It’s been 37 years since a hair-coloring advertising campaign touted, “You’re Not Getting Older, You’re Getting Better.”
It was a bow to the horrifying notion that women become more interesting, attractive and substantial as they get a little bit of mileage on them. It came in 1971 as the women’s movement took hold and, oh so coincidentally, just one year before Title IX was passed, eventually opening the door to girls’ and women’s rights in sports.
Enter Kelly Keeler Ramacier, a 46-year-old marathoner from White Bear Lake, who is known in Twin Cities running circles as a Susie-come-lately to sports but who, this Sunday, is a headliner at a unique and notable race in New York City.
It’s the fifth-annual More MagazineMarathon/Half-Marathon in Central Park and it labels itself as the world’s first marathon exclusively for women over 40. Organizers are expecting 7,000 runners, all women, all older than 40.
More women taking control of physical fitness destiny
“This is really kind of a special race,” said Kelly Keeler — that’s how she’s known as a runner — and the poster grown-up for this More marathon and for women taking control of their physical fitness destinies later in life.
She won’t turn 47 until December —”I’m a fairly new 46-year-old,” she said with a chuckle — but fairly new as a runner, too.
A textbook editor and project manager by profession, Keeler didn’t begin running — or doing anything very physical — until she was 32. Eventually, she qualified for U.S. Olympic marathon trials and ran a 2:42:25.
“Not only did I not run until I was 32,” she said. “I didn’t do anything.”
On a lark, while working in 1993 in Cincinnati, she accepted the urgings of friends and ran in a 5-kilometer race. She barely finished the three-mile jog — she was a pack-a-day smoker then — but she fell in love with the exercise.
“It was sort of an awakening,” she said.
She got good. She wound up qualifying for two marathons for U.S. Olympic trials. She ran a 2:42:25 marathon just four years later at the 1997 Grandma’s Marathon.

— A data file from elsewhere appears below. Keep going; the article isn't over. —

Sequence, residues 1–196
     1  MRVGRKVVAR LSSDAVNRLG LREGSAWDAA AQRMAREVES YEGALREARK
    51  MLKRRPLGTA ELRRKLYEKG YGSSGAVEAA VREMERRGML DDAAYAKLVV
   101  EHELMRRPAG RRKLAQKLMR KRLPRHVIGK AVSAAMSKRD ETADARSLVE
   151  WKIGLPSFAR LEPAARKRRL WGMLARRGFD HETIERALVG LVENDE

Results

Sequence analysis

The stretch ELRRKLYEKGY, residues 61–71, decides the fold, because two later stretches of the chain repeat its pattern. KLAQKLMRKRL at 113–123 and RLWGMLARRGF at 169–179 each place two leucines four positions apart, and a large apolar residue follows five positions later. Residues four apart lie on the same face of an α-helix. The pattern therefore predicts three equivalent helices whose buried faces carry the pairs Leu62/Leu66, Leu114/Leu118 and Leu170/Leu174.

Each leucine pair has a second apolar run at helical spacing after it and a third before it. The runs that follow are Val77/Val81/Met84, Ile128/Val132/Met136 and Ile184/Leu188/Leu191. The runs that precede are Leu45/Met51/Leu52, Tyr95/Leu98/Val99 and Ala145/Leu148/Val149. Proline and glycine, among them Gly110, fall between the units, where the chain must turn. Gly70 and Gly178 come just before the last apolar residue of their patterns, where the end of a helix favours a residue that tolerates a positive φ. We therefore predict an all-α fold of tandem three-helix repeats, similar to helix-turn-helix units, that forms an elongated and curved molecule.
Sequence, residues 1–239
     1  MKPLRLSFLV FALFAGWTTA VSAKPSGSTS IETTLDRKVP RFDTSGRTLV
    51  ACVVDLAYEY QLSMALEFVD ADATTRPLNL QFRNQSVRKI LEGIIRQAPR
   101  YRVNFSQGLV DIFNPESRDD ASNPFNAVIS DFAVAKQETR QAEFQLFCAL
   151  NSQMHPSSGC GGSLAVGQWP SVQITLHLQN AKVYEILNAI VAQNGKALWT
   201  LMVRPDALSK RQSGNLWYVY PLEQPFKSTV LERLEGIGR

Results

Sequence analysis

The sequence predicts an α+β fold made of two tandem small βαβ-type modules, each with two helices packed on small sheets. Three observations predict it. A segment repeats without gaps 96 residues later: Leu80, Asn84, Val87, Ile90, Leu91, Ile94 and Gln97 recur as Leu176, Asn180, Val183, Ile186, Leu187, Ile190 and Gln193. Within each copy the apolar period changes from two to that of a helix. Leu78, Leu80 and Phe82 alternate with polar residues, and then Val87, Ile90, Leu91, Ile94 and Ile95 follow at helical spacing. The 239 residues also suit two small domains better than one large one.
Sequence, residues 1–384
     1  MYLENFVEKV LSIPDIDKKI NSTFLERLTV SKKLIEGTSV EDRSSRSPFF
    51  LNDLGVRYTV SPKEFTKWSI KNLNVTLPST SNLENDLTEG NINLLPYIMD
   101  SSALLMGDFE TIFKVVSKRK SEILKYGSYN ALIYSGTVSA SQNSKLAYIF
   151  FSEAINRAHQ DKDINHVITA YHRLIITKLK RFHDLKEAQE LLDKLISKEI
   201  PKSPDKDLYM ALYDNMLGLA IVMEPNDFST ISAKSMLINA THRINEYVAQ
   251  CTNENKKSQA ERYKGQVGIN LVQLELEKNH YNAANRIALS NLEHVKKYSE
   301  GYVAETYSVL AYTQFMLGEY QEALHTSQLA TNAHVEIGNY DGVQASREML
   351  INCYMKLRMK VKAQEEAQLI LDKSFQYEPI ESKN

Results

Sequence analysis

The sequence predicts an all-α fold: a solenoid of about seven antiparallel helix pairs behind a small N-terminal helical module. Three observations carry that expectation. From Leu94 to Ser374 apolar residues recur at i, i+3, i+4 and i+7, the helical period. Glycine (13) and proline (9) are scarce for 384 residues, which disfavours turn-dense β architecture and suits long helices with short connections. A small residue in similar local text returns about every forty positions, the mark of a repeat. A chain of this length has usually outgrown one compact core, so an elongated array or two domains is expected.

“My body had not been abused,” she said of her late start, as opposed to some super-elite runners who pound their legs and hips for years by the time they’re in their mid-30s. “I was very fresh.”
She’s working her way back from severe knee injury
Recently, Keeler’s been fighting off injury. She fell on the ice near her home in 2004 and crushed her left knee. Surgeries followed. Her weekly routine of 100 miles per week has been reduced to, maybe, 50 miles per week. Long runs mean excruciating pain.
So, when she got the special invite to this Sunday’s race, she was flattered. And she’s viewing it as a powerful platform.
“There are a lot of women over 40 who are just starting exercise programs,” Keeler Ramacier said. “I have real humble roots. I wasn’t an All-American. I think I can prove to be an example to a lot of people that you can start whenever. If you really put your heart and soul into it, you can do a lot.”
According to the New York Road Runners, who help stage the More race, masters women are the fastest-growing segment of the running population. Female runners 45 and older increased 106 percent from 1997 to 2006, compared with a 49 percent increase for men.
Bad knee, less training, more years, added pain, “If I can break three hours, I’d be real pleased,” Keeler said of her goal Sunday.
She’s not getting older. She’s getting more realistic.